Lankford also forges intriguing connections between different types of murder-suicide. In an illuminating passage, Lankford compares two mass shootings in 2009: that of Nidal Hasan, the US Army psychiatrist who killed 13 servicemen and women and wounded 29 at Fort Hood, Texas, and George Sodini, who killed 3 women and wounded 12 at a Pennsylvania fitness club. Both men had no friends, work issues, difficulties meeting women, and felt victimized—Sodini by women and Hasan by his fellow soldiers for being a Muslim. And both men intended to die. Sodini shot himself before he could be stopped; Hasan seems to have been attempting “suicide by cop.” Unfortunately for him, he was shot by a civilian police officer and merely paralyzed.
Overall, Lankford makes a compelling case against the myth of martyrdom—the idea that “suicide attackers are psychologically stable, ideologically committed, selfless ‘martyrs.’” But one serious lapse is that Lankford doesn’t give us a basis of comparison. Robert Pape’s database of suicide terror statistics has a total of 2,297 attacks globally between 1981 and 2011. So how many of these attackers were, in the classic sense, suicidal? Of course it would we be impossible to investigate all them, and Lankford quite reasonably confines his study to the United States for reasons of statistical accuracy. But he never presents any examples of suicide terrorism that don’t fit is model, and I don’t think it’s because they don’t exist. A more disinterested scholar would not be reluctant to provide some perspective.
The tone of this book is a puzzling combination of defensiveness and bluster. Lankford mentions three times that his findings have been vetted by the peer-review process. It’s strange that Lankford feels the need to reinforce this fact, especially when the researchers that he criticizes, like Pape and Jerrold Post, also publish their findings in peer-reviewed journals.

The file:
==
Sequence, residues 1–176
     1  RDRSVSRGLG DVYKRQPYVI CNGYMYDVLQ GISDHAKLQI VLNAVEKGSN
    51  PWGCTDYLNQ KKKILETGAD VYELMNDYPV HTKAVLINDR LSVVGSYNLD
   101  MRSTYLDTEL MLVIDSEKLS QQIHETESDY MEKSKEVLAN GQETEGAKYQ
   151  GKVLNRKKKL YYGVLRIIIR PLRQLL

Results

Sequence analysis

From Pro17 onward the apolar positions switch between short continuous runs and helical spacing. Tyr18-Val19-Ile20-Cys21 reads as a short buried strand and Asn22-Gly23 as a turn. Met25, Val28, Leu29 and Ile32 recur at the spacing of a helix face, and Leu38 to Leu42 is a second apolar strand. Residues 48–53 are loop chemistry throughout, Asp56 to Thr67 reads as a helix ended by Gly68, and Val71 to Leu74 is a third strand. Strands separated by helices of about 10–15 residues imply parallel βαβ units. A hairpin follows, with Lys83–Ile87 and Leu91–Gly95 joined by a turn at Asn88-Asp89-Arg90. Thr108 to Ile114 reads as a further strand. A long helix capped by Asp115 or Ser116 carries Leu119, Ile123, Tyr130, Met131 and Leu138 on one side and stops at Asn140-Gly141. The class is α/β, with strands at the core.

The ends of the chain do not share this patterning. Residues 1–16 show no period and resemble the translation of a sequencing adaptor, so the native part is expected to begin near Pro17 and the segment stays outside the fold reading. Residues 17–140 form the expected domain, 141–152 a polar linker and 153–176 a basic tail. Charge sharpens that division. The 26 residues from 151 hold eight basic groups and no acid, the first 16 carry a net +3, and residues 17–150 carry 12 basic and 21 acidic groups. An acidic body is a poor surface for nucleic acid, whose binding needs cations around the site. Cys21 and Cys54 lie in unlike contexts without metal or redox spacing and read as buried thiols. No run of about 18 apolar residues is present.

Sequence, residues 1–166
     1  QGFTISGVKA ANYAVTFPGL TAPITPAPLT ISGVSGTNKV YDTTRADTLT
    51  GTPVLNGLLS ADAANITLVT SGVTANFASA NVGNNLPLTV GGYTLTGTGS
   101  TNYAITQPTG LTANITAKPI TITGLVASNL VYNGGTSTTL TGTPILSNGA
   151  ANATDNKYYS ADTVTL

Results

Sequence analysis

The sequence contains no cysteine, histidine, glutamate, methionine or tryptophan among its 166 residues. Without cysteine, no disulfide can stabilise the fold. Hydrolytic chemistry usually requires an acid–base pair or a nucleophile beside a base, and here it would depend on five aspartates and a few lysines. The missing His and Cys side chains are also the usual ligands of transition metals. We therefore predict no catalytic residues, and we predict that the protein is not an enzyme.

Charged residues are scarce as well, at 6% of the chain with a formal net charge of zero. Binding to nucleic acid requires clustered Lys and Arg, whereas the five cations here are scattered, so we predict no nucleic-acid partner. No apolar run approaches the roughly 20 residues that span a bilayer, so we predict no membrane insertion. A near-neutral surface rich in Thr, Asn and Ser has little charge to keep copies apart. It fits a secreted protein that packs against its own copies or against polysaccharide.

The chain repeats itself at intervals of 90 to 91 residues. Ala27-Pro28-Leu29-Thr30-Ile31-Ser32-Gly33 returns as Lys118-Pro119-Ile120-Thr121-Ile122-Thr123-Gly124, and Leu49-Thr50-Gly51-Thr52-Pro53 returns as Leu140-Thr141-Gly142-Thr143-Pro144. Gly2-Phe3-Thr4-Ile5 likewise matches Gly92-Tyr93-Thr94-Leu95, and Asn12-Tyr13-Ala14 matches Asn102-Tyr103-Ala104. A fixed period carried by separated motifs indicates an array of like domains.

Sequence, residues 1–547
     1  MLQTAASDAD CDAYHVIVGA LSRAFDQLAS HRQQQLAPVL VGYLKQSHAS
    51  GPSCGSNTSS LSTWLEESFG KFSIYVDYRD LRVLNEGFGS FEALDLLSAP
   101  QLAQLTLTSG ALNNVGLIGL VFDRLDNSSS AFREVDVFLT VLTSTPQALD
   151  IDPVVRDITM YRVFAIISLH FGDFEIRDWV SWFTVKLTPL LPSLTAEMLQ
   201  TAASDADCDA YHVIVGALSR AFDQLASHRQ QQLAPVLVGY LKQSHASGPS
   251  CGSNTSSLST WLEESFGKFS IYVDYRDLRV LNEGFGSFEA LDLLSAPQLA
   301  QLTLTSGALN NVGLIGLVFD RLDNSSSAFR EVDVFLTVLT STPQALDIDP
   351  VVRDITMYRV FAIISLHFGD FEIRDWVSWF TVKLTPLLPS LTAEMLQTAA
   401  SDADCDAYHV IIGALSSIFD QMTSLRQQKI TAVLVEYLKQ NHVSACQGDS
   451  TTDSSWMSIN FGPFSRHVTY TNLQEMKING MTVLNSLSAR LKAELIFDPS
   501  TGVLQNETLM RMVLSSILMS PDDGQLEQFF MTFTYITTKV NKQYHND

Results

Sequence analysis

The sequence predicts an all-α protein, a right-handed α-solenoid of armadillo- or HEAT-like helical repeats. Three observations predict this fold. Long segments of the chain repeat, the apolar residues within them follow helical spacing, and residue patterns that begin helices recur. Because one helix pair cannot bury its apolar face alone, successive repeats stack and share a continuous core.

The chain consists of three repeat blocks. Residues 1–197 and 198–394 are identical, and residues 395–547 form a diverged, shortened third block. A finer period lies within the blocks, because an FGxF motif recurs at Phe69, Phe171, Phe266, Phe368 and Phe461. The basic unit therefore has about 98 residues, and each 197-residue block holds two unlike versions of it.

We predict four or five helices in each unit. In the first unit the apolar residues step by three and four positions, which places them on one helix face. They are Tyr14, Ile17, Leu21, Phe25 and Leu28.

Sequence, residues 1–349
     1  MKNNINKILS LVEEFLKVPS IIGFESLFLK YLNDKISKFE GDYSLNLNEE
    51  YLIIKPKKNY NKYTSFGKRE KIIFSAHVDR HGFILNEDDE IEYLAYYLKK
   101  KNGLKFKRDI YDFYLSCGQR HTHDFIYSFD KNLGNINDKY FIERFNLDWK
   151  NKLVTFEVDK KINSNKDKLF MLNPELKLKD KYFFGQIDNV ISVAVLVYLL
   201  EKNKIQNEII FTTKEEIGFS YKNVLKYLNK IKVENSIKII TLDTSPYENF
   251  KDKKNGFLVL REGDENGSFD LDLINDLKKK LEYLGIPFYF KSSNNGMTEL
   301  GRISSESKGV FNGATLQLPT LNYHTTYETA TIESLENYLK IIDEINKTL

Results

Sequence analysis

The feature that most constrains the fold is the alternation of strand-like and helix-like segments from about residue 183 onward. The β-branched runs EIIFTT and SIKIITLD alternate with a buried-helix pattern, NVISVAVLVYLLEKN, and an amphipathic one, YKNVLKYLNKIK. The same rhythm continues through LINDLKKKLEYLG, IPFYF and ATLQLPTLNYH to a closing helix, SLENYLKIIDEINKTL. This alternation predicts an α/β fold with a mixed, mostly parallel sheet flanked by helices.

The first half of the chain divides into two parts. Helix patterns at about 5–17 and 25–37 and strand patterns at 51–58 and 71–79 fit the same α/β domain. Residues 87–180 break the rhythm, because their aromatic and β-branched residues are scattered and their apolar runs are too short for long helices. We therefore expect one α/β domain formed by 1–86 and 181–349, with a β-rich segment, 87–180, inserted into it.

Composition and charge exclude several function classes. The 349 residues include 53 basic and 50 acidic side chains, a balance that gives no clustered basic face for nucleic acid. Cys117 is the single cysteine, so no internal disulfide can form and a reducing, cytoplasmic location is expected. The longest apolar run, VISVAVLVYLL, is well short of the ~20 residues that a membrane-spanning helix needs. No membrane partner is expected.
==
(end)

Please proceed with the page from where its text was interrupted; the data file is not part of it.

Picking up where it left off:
A bigger misstep is that The Myth of Martyrdom is filled with uneasy pop culture references. In a passage about two desperate Palestinian girls who turned to terrorism when they became pregnant, Lankford makes a baffling comparison to Oprah Winfrey. She too struggled with depression and an early pregnancy, but it seems tasteless to write that “if a teenage Oprah had been in the wrong place at the wrong time, she may have snuck out of her house, filmed a martyrdom video, cursed the infidels, strapped explosives to her chest, and blown herself up.” And if my grandmother had wheels, she’d be a bus.
And there is no explanation or excuse for what Lankford writes of Anders Breivik, who massacred 77 people in Norway last year, most of them teenagers:
Instead of trying to prevent Europe’s “cultural and demographical suicide,” Breivik should have listened to the King of Pop. As Michael Jackson explained in his critically acclaimed song “Man in the Mirror,” sometimes the best way you can help others is to “take a look at yourself, and then make a change.”
The upshot is that The Myth of Martyrdom has a smart premise but some serious flaws. But I think we should listen to Lankford. Suicide terror is growing while conventional terrorism declines. So whatever gives us insight into the phenomenon is worthy of our attention. Especially if it might one day stop people from murdering strangers while killing themselves.